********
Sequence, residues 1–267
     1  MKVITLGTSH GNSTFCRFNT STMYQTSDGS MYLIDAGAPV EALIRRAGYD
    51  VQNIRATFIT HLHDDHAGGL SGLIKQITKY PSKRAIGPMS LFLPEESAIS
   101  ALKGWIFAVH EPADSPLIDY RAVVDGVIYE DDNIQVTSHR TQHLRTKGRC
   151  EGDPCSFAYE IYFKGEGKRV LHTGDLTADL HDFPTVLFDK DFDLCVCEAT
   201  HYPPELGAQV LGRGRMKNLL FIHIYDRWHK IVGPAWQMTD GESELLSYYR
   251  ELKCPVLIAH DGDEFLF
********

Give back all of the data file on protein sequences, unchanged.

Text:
Sequence, residues 1–267
     1  MKVITLGTSH GNSTFCRFNT STMYQTSDGS MYLIDAGAPV EALIRRAGYD
    51  VQNIRATFIT HLHDDHAGGL SGLIKQITKY PSKRAIGPMS LFLPEESAIS
   101  ALKGWIFAVH EPADSPLIDY RAVVDGVIYE DDNIQVTSHR TQHLRTKGRC
   151  EGDPCSFAYE IYFKGEGKRV LHTGDLTADL HDFPTVLFDK DFDLCVCEAT
   201  HYPPELGAQV LGRGRMKNLL FIHIYDRWHK IVGPAWQMTD GESELLSYYR
   251  ELKCPVLIAH DGDEFLF